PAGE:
Although Siebern is best remembered today as one of the players the Yankees traded to the Kansas City A’s to land the great Roger Maris, what typically gets lost is the fact that Norm was a helluva player for the A’s. An on-base stud with decent power, Norm made three American League All-Star teams and won a Gold Glove. The left-handed hitter/right-handed thrower was awarded MVP votes three of the four years he played for the lowly Kansas City Athletics.
Originally signed by the Yankees in 1951, Siebern was a spring training sensation for the Bronx Bombers in 1956. An injury kept him out of action for a time but when he was finally healthy the hot bat he wielded in the spring had turned cold. He spent the next year down in the bushes, punishing minor league pitchers. He made the Yankees in 1958 and was their regular left fielder. Norm won his Gold Glove Award that year as he hit an even .300 with 14 dingers for the AL Champs. The Yankees went to the World Series and Norm helped them topple the Braves.
The Yankees were managed by goofy Casey Stengel at the time and Case enjoyed platooning his players. Due to the constant shuffle, Norm never exceeded 55 RBI while with the Yankees. After the 1959 season, Siebern wouldn’t have to worry about the platoon situation since he was dealt to the doormat Athletics with former Yankees icons Hank Bauer and Don Larsen for Roger Maris. Norm, who had played strictly left field for the Yankees, rotated between left and first base with the Athletics. His first year with Kansas City he socked 19 homeruns and 31 doubles… but he was just getting warmed up.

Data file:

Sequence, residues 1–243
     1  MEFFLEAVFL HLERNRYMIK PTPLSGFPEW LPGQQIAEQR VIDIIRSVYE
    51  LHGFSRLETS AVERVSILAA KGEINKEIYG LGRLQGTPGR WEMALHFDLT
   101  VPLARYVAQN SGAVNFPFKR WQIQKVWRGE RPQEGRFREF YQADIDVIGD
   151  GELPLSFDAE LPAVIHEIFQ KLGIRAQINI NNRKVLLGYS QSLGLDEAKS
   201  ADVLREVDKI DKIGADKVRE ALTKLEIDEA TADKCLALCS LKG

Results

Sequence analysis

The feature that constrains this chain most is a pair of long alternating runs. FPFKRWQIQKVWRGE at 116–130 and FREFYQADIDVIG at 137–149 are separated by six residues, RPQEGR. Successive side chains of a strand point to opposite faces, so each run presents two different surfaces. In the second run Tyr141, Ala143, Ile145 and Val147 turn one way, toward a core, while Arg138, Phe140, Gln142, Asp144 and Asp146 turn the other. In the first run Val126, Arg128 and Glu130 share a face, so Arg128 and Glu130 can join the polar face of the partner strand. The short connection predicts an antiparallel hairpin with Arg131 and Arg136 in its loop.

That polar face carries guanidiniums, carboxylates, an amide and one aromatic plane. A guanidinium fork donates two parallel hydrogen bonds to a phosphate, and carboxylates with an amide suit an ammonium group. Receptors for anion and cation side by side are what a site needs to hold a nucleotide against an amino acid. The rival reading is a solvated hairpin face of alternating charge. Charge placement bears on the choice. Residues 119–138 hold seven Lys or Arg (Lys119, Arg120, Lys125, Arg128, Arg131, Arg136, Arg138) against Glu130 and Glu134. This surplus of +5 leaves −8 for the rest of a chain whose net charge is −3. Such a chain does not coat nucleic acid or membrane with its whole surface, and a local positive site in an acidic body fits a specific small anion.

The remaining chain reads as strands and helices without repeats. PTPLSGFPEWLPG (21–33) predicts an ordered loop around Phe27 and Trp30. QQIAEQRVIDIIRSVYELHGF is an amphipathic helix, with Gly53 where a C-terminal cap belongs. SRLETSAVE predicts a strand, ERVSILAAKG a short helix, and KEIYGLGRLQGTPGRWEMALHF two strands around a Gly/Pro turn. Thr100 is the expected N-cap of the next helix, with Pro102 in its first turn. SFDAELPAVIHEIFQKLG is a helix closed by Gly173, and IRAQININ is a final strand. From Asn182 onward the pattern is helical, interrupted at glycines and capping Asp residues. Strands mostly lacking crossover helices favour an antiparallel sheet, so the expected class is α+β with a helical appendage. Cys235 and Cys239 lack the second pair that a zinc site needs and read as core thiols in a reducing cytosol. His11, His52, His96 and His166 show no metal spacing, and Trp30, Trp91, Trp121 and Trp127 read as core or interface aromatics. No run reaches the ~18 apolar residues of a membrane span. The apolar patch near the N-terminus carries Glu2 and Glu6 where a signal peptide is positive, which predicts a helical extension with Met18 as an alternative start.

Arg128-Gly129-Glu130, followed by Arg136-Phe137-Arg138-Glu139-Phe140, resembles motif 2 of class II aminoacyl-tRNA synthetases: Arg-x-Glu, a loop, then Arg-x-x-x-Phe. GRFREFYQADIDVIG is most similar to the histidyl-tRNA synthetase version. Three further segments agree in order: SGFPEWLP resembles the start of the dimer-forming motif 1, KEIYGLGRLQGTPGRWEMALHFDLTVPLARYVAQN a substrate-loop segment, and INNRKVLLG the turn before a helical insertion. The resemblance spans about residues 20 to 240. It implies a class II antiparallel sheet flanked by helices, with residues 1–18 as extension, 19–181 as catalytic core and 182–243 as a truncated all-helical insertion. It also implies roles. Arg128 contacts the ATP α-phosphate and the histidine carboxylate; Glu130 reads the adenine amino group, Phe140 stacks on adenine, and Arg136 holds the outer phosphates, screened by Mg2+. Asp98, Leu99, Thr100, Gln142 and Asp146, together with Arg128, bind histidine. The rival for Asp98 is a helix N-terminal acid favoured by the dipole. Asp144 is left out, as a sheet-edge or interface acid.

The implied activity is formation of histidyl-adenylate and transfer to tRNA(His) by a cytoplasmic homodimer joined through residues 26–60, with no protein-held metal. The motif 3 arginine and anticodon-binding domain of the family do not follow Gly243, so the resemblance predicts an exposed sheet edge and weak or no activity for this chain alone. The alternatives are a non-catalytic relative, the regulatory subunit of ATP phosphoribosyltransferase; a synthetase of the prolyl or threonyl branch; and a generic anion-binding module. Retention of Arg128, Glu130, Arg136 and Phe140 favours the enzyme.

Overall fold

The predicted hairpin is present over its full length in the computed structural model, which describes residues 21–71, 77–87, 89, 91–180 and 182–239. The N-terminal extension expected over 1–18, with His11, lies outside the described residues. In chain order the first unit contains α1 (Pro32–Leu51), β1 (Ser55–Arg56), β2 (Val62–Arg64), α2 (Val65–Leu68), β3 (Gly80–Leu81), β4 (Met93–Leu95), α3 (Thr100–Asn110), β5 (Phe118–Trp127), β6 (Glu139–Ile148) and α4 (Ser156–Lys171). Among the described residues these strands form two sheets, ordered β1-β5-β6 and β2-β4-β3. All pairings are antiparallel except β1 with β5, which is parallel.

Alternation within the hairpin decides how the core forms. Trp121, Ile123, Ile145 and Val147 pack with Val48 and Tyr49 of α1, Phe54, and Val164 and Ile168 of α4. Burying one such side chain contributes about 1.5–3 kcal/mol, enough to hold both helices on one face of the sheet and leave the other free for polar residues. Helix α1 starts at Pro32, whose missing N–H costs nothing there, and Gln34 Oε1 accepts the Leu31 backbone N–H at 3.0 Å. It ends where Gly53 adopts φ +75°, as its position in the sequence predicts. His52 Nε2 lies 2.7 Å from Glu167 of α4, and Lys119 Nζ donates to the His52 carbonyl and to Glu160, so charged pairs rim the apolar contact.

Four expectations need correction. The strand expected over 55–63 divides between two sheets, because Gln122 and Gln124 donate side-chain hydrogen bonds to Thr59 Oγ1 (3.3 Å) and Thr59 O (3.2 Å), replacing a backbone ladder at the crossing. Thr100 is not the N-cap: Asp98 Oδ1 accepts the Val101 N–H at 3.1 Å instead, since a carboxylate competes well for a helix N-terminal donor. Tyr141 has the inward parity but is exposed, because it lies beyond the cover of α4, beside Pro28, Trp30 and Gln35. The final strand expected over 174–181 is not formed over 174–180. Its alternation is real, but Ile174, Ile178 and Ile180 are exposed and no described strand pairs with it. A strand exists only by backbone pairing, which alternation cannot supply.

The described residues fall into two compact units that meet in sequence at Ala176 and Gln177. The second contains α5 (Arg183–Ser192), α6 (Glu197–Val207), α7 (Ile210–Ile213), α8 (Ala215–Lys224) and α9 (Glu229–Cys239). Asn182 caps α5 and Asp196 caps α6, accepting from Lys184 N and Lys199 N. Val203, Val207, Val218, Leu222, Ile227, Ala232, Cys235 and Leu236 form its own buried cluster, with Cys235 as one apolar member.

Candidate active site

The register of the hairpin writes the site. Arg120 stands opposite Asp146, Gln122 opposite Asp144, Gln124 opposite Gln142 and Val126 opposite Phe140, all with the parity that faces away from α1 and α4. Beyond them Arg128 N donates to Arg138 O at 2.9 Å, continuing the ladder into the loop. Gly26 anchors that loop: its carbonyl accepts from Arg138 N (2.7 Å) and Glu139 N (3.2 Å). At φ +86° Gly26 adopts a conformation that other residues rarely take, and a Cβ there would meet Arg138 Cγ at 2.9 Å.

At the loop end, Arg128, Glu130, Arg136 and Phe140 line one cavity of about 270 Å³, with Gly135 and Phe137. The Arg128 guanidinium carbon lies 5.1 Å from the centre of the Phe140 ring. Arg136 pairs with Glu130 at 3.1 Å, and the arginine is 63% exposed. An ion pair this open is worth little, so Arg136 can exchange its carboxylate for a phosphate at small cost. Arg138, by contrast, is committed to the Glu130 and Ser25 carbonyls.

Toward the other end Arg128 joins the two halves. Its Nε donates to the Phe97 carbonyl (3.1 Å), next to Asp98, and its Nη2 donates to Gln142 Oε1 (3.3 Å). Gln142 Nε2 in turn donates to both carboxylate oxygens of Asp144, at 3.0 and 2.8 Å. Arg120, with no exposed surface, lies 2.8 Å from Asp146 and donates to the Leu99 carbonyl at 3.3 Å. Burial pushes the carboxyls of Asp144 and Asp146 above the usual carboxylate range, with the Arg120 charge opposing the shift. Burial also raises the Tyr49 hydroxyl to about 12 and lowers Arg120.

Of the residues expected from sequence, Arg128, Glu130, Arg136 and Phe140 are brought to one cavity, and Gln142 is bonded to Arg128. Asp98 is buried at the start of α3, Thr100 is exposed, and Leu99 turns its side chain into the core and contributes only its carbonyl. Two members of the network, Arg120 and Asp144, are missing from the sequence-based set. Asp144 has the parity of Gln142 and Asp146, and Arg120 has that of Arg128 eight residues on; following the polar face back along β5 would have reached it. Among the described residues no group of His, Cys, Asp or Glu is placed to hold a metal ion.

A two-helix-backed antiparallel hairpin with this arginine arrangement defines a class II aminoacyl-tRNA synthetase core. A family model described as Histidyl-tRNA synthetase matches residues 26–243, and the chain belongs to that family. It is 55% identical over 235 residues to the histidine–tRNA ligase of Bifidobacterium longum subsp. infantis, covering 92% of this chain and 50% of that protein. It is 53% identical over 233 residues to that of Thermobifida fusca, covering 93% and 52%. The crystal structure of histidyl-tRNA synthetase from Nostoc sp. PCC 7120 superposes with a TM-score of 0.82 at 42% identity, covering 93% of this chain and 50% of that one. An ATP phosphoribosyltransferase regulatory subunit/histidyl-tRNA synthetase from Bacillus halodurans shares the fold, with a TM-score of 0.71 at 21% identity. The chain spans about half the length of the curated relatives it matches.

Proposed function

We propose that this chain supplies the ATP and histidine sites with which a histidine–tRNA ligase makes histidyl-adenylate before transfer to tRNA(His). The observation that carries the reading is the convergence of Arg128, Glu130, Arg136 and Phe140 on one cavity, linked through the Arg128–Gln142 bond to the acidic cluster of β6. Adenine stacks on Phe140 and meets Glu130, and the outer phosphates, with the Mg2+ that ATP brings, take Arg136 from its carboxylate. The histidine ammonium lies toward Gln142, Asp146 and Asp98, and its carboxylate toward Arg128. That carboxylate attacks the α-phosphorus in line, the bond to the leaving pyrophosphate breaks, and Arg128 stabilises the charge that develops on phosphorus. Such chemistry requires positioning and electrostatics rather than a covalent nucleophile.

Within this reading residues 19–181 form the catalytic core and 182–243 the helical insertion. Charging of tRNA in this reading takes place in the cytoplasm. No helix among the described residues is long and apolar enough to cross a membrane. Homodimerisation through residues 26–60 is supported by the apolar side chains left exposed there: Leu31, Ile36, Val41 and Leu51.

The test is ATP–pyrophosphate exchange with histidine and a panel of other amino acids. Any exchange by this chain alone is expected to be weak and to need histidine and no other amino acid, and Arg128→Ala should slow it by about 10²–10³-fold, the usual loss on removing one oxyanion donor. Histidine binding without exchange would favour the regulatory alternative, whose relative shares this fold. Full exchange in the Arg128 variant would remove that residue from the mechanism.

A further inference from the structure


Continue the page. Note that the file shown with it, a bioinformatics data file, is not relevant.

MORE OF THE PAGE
In the famous 1961 season, Norm drove in 98 runs and posted a nifty .384 on-base percentage. Offensive numbers were inflated throughout baseball in ’61 before they came back down in 1962–but nobody told Norm. Siebern enjoyed his greatest season in 1962 when he scored 114 runs, drove in 117 and drew 110 walks. He also set personal highs with 25 homeruns, 185 base hits and an amazing offensive line of .308 BA/.412 OBP/.495 SA. Named to the first of three consecutive All-Star teams, Norm had settled in at first base by this time and gave the A’s more production out the position than the Yankees were getting.
Norm reached 80 runs scored and RBI in 1963 but his numbers, which were solid, weren’t as awe-inspiring as they had been in ’62 and the A’s traded him to Baltimore for all-or-nothing slugger Diamond Jim Gentile. As the Orioles everyday first baseman in 1964, Siebern honed his batting eye to perfection. He paced the American League with 106 walks and posted his seventh consecutive season with a double-digit homerun total. But when his power began to fade in the mid 1960s, Norm’s days as a regular were over. He would spend some time as a reserve/pinch hitter with the Giants and Red Sox in the late 1960s. He had a pinch hit single off Hall of Famer Bob Gibson in the 1967 World Series–his last Fall Classic action.
G 1,406/R 662/H 1,217/2B 206/3B 38/HR 132/RBI 636/SB 18/BB 708/SO 748/BA .272/OBP .369/SA .423